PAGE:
A Measurement Based Shadow Fading Model for Vehicle-to-Vehicle Network Simulations

Source: arXiv

ABSTRACT The vehicle-to-vehicle (V2V) propagation channel has significant implications
on the design and performance of novel communication protocols for vehicular ad
hoc networks (VANETs). Extensive research efforts have been made to develop V2V
channel models to be implemented in advanced VANET system simulators for
performance evaluation. The impact of shadowing caused by other vehicles has,
however, largely been neglected in most of the models, as well as in the system
simulations. In this paper we present a simple shadow fading model targeting
system simulations based on real measurements performed in urban and highway
scenarios. The measurement data is separated into three categories,
line-of-sight (LOS), obstructed line-of-sight (OLOS) by vehicles, and non
line-of-sight (NLOS) by buildings, with the help of video information, recorded
during the measurements. It is observed that vehicles obstructing the LOS
induce an additional attenuation of about 10 dB in the received signal power.
We use a Markov chain based state transition diagram to model the transitions
between the LOS, OLOS and NLOS states. Further, sample state transition
intensities based on the measurements and simulated traffic are presented. An
approach to incorporate the LOS/OLOS model into existing VANET simulators is
also provided. Finally, system level VANET simulation results are presented,
which show the difference between the LOS/OLOS model and a channel model based
on Nakagami-m fading.

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    ABSTRACT: We perform an extensive study of cooperative awareness in vehicular communication based on periodic message exchange. We start by analyzing measurements collected on four test sites across Europe. To measure cooperative awareness, we use three metrics: 1) neighborhood awareness ratio; 2) ratio of neighbors above range; and 3) packet delivery rate. Using the collected data, we define a simple model for calculating neighborhood awareness given packet delivery ratio for a given environment. Finally, we perform realistic, large-scale simulations to explore the achievable performance of cooperative awareness under realistic transmit power and transmit rate constraints. Our measurements and simulation results show that: i) above a certain threshold, there is little benefit in increasing cooperative message rate to improve the awareness; higher transmit power and fewer messages transmissions are a better approach, since message delivery is dominated by shadowing. ii) the efficacy of cooperative awareness varies greatly in different environments on both large scale (e.g., 90% awareness is achievable up to 200 m in urban and over 500 m in highway) and small scale (e.g., vehicles in nearby streets can have significantly different awareness); iii) V2V and V2I communication have distinct awareness and interference patterns; iv) each location has a distinct transmit power that achieves high awareness; and v) achieving high awareness levels results in increased interference; therefore, a balance needs to be found between awareness and interference, depending on the specific context. We hope our results will serve as a starting point for designing more effective periodic message exchange services for cooperative awareness.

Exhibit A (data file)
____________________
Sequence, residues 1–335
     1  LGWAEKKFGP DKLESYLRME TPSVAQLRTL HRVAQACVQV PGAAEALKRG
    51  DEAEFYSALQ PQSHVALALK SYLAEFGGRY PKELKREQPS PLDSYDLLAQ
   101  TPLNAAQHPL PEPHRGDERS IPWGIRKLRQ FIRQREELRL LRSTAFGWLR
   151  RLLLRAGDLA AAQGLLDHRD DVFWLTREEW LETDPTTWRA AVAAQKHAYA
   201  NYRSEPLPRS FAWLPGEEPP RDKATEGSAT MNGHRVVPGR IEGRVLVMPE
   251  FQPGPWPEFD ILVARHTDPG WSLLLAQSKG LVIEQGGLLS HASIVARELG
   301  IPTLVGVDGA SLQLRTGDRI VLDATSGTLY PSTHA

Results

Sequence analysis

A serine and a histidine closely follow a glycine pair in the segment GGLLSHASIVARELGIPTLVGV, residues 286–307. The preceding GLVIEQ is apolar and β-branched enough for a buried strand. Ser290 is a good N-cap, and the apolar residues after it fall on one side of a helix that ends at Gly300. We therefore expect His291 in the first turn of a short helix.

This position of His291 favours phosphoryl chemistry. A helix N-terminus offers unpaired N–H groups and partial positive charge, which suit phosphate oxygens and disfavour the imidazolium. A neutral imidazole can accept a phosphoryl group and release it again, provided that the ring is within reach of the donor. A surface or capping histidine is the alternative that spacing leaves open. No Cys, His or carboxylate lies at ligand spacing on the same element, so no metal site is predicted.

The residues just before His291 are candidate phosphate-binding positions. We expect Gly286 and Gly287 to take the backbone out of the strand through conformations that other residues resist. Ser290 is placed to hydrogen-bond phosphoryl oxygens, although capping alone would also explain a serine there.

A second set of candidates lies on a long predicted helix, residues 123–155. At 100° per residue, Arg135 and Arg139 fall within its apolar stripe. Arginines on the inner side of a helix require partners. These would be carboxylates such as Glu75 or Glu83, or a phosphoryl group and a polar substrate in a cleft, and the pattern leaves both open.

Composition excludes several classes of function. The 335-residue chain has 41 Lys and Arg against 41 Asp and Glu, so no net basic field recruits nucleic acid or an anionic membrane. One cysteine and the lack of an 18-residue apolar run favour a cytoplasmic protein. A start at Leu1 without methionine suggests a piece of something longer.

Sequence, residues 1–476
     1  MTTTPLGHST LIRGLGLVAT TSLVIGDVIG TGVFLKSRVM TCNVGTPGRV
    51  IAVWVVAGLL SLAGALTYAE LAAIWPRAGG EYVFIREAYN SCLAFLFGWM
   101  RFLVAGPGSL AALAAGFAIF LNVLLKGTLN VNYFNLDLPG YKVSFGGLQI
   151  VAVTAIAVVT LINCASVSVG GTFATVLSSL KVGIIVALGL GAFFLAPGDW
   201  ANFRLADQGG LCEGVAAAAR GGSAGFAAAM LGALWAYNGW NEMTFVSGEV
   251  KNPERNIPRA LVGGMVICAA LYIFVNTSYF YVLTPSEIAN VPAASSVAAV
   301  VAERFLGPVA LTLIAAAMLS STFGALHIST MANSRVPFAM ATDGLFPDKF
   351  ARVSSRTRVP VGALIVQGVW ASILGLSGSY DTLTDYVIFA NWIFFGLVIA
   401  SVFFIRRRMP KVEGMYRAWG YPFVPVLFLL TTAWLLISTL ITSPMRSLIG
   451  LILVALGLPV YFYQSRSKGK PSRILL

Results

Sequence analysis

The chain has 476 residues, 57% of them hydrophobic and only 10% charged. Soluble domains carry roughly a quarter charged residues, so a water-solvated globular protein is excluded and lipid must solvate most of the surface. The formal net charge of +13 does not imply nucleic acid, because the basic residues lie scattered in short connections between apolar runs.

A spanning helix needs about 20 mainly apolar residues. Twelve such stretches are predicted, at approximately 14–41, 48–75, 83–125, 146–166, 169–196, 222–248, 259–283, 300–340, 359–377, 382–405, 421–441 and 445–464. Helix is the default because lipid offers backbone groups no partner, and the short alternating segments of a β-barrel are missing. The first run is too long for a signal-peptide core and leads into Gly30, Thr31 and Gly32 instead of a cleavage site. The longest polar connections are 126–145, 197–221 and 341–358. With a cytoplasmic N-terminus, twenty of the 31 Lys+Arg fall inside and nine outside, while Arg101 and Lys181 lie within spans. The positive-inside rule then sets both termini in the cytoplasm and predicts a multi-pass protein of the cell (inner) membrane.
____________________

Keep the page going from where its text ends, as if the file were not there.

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May 30, 2014